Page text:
While tax-related scams usually increase at tax time, this year, scam artists are using pandemic to try stealing money and information from honest taxpayers. As such, taxpayers should refrain from engaging potential scammers online or on the phone.
Here are this year’s “Dirty Dozen” tax scams: Read More…
Paying off Debt the Smart Way
Posted on July 6th, 2020
With a potential economic downturn in the wings due to COVID-19, being debt-free is a worthwhile goal. Unfortunately, between mortgages, car loans, credit cards, and student loans, this is unrealistic for most people – especially those of pre-retirement age. Instead, it’s better to start by focusing on managing debt. When you handle debt wisely, you won’t have to shell out every cent of your hard-earned money to your lender or feel like you’re always on the verge of bankruptcy.
These tips will help you get started paying off debt the smart way and help you save extra money to pay down those debts even faster: Read More…
Q & A: Returning an Economic Impact Payment
Posted on July 1st, 2020
According to the Treasury Department, more than 159 million individuals have already received their Economic Impact Payments; however, a recent audit found that the IRS sent $1.4 billion in stimulus checks to deceased individuals. As such, many people may have received a payment for a deceased family member or another taxpayer who is not eligible to receive a payment and may have questions about what to do. Here are some answers: Read More…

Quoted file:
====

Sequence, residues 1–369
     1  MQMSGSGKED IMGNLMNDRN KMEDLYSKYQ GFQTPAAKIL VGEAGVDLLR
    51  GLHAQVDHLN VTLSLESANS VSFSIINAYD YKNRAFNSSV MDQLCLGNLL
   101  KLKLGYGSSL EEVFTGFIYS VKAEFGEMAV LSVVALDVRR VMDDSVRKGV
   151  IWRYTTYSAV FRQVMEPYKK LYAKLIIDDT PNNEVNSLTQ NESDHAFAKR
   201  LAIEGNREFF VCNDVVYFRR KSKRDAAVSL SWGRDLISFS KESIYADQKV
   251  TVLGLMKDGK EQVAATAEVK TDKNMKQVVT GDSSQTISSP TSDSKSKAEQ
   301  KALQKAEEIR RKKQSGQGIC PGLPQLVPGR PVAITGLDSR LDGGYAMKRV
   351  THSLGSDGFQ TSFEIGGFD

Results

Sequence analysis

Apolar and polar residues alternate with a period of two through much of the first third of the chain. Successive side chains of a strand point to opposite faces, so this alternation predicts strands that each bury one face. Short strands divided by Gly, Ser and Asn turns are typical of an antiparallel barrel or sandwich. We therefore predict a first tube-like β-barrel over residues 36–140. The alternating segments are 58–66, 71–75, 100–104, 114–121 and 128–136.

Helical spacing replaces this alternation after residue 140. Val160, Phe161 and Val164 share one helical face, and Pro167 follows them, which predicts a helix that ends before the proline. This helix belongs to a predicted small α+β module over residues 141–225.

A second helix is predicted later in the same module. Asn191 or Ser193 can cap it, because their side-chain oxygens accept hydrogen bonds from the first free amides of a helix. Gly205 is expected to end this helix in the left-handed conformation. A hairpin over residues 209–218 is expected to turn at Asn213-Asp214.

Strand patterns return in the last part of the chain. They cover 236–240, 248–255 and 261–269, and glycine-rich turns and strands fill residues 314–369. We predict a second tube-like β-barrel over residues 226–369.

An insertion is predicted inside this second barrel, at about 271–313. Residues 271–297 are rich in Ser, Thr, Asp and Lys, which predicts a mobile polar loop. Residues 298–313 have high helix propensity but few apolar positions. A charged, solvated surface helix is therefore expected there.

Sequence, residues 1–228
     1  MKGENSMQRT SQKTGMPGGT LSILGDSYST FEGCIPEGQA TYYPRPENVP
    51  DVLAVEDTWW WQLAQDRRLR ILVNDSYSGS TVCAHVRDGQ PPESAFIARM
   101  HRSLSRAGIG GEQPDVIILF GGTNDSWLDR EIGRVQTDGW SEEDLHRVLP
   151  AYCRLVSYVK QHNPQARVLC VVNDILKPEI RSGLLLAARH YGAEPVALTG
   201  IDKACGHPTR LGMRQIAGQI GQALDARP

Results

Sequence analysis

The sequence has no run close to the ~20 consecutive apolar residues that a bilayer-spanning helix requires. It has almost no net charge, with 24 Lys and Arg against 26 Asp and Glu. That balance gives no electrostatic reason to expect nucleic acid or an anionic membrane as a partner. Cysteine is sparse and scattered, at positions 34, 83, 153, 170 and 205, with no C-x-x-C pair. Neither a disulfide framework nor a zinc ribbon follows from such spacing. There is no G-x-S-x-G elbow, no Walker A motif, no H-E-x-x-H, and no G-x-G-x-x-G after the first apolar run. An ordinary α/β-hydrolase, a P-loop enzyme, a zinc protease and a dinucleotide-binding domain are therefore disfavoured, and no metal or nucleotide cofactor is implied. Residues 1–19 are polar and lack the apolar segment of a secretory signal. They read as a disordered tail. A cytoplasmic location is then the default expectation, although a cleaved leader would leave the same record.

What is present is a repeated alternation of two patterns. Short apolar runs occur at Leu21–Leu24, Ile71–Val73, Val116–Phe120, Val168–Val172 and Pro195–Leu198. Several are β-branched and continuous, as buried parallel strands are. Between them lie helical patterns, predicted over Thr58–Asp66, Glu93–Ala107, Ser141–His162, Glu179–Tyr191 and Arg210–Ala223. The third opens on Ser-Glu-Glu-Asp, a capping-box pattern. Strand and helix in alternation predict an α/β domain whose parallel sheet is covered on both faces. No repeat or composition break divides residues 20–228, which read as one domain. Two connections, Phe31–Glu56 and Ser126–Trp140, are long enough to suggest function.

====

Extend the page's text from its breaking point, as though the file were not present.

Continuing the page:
PPP Loan Forgiveness — A Step-by-Step Guide
Posted on June 26th, 2020
On 6/22/20 the SBA issue a new set of Interim Finals Rules (one of many) that helped to clarify some issues but not all. Here is what you need to know:
As of now, you have 8 weeks (56 days) from date money hits your bank account to spend the funds (Covered Period). But you can elect to start the 8 weeks for the payroll costs from the first payroll period date after you receive the funds (Alternative Payroll Covered Period (APCP)) instead. For those that receive funds after 6/5, you automatically have 24 weeks to spend the funds. Those that received the funds pre 6/5 can elect to use the 24 weeks also. Read More…
Ask Bob: Should I Hire an Accountant or Do Taxes Myself? (7 FAQs)
Posted on June 9th, 2020
The big question: Is hiring an accountant to do my tax return really worth it?
At this time of year, we’re all bombarded with ads promoting the simplicity and savings of using online tax software or walk-in tax prep centers. For people with a simple W2 form and maybe an investment account or two, these services will get the job done.
However, there are many situations where hiring an accountant can save you thousands of dollars, help you avoid an audit and fines, and set you up for an even more profitable year ahead. The question is: which category do you fall into?
In our latest edition of “Ask Bob,” we answer frequently asked questions about whether it’s really necessary to hire an accountant, or if you can go it alone. Here’s what Bob had to say… Read More…
4 Cash Management Tips for Small Businesses
Posted on June 4th, 2020
Cash is the lifeblood of any small business. Here are some tips to help your business maintain a sufficient cash flow to meet its financial goals and run efficiently: Read More…
How to Prepare an Effective Business Plan
Posted on June 2nd, 2020
A business plan is a valuable tool whether you’re seeking additional financing for an existing business, starting a new company, or analyzing a new market. Think of it as your blueprint for success. Not only will it clarify your business vision and goals, but it will also force you to gain a thorough understanding of how resources (financial and human) will be used to carry out that vision and goals. Read More…